Outpatient Psychiatry

Outpatient Child and Adolescent Psychiatry

Outpatient Psychiatry is a required rotation in both the first and second years. Fellows spend 50-60% of the time in the OPD during the three Harlem-based semesters. Fellows spend 10% of their time in the Harlem OPD during their QCPC inpatient semester in order to affort them an opportunity to see patients for up to two years. Each fellow has a primary supervisor and meets weekly with a psychiatrist and a psychologist for psychotherapy supervision.

Fellows will have evaluate and treat numerous children and adolescents over the course of their training. Children range in age from 3-18 and present with the complete range of childhood psychopathology. Evaluations take place in the morning and are supervised on site by an attending Child and Adolescent psychiatrist. Treatment planning conferences give physicians in training the opportunity to work with the treatment team and to develop multimodal treatment plan for each patient. Patients are seen follow up in the afternoon; supervised opportunities to treat patients with both medication and psychotherapy are provided. The supervision is conducted both 1:1 and in groups. Special emphasis is given to evidence-based pharmacotherapy and psychotherapy. Family psychotherapy didactics and supervision with a focus on cultural competency, also is provided.

There are a variety of clinical experiences that are integrated into the outpatient experience at Harlem Hospital. These include:

Psychoeducational Testing. Many patients that fellows treat in the OPD will require psychoeducational testing. The OPD is closely affiliated with the the Developmental Evaluation Center, where psychoeducational testing is provided. Fellows will have the opportunity to attending formal didactics taught by the director of the DEC, Victoria Pinderhughes, PhD, and also to observe actual testing conducted with their patients. Finally, fellows will attending and participate in the multidisciplinary conferences that occur after occupational therapy, speech and psychological testing takes place.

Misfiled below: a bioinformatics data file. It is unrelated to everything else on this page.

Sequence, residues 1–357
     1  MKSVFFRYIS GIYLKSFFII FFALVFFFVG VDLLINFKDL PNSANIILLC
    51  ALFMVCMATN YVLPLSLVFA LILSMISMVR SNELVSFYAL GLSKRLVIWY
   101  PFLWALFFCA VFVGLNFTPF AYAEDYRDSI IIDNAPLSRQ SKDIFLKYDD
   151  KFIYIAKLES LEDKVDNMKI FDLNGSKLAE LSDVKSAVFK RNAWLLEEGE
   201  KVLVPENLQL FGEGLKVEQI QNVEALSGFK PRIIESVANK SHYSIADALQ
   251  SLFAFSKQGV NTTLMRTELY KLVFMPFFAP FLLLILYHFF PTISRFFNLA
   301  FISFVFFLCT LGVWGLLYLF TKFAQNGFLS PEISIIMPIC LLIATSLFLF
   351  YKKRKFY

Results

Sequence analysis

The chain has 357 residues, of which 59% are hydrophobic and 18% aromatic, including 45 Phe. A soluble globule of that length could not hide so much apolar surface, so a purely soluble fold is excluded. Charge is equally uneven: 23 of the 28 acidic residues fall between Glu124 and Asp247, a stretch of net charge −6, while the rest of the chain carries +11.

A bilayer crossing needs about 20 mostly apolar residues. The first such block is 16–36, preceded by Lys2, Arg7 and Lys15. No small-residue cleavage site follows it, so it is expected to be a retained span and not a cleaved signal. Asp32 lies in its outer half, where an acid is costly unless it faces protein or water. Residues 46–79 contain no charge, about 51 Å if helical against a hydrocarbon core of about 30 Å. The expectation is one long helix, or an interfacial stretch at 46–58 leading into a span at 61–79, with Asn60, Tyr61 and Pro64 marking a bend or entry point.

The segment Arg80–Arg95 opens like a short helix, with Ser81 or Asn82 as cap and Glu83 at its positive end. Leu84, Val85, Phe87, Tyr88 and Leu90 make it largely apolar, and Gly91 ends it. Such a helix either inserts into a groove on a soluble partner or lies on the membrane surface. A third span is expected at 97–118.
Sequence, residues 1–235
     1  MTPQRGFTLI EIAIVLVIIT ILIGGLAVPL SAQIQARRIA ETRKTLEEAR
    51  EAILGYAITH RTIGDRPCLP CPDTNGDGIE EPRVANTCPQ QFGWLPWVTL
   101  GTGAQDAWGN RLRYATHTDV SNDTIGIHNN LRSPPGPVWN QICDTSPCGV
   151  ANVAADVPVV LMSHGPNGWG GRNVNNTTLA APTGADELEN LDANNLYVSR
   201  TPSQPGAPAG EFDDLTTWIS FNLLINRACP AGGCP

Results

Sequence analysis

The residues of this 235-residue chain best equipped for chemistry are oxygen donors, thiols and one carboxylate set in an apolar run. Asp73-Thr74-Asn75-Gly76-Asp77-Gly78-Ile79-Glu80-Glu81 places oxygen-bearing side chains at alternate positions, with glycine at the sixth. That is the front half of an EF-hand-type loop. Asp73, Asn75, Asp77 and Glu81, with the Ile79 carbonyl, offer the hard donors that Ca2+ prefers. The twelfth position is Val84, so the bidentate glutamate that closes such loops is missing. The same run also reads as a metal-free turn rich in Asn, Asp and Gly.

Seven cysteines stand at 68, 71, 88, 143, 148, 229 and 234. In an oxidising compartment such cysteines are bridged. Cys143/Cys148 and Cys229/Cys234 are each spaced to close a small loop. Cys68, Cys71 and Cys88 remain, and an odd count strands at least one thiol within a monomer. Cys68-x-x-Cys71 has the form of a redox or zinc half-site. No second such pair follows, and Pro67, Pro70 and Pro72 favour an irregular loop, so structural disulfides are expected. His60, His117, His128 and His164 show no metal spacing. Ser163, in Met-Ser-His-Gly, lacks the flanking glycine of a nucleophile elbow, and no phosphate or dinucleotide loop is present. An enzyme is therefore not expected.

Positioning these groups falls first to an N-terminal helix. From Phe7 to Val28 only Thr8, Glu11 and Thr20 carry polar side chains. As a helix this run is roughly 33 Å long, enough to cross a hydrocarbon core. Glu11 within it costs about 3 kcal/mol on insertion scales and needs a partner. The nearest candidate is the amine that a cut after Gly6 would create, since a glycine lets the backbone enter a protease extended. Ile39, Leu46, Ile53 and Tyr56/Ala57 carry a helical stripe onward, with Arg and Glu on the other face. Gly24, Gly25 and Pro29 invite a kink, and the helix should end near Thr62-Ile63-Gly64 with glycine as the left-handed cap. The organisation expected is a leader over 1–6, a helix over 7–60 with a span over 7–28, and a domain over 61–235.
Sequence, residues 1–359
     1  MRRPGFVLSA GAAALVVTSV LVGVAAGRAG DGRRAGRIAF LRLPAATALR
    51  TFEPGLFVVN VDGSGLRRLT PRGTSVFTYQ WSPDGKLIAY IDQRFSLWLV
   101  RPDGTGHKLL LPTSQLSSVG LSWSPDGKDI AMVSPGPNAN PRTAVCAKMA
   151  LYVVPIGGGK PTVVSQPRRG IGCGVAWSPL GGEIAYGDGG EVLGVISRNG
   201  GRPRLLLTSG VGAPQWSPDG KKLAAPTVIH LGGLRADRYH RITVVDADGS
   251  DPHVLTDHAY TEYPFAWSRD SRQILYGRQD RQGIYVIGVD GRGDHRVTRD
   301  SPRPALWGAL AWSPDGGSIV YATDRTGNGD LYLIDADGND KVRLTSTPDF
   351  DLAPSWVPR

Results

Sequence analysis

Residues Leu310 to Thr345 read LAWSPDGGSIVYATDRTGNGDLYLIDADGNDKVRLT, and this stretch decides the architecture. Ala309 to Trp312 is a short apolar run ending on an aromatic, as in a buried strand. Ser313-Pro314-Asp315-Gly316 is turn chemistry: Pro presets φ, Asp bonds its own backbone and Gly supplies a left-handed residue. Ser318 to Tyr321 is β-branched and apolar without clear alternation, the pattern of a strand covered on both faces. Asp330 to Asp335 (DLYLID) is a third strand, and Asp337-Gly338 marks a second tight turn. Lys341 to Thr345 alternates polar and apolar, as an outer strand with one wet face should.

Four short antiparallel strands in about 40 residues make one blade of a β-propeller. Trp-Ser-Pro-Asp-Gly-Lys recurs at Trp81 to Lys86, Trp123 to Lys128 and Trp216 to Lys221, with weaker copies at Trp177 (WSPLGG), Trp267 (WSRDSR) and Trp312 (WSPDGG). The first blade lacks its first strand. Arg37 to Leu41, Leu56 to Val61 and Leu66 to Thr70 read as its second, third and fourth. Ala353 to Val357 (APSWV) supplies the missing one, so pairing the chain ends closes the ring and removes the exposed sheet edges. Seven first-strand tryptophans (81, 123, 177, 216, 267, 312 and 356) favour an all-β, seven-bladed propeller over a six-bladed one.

Liaising with Community Systems of Care. OPD patients have many needs that need to be addressed. Our outpatient clinic collaborates with internal and external medical providers, as well as a number of local schools and agencies in order to coordinate care for our patients and families. Clinical supervisors make a point of teaching fellows how to effectively collaborate with schools and advocate for patients needs with the board of education. During the OPD experience, trainees have ample opportunities for school visits, classroom observation and formal school consultations.

Attention to Comorbid Substance Abuse. The OPD has a grant-funded program that geared toward supporting the needs of children and families whose lives have been affected by substance abuse. Staff clinicians have received special training in serving these families with individual and family-based services. families who have experienced or are experiencing difficulties because of alcohol and substance abuse. The goal is to help families overcome the negative impact of substance abuse and prevent children and adolescents from becoming chemically dependent.

Mobile Crisis Services. The OPD also has a grant-funded mobile crisis service that provides urgent evaluations in the community. Fellows and permanent staff also draw upon this service when a patient on their service needs to be visited at home. During the course of their OPD experience, fellows are encouraged to go out on home visits along with a supervising attending psychiatrist.

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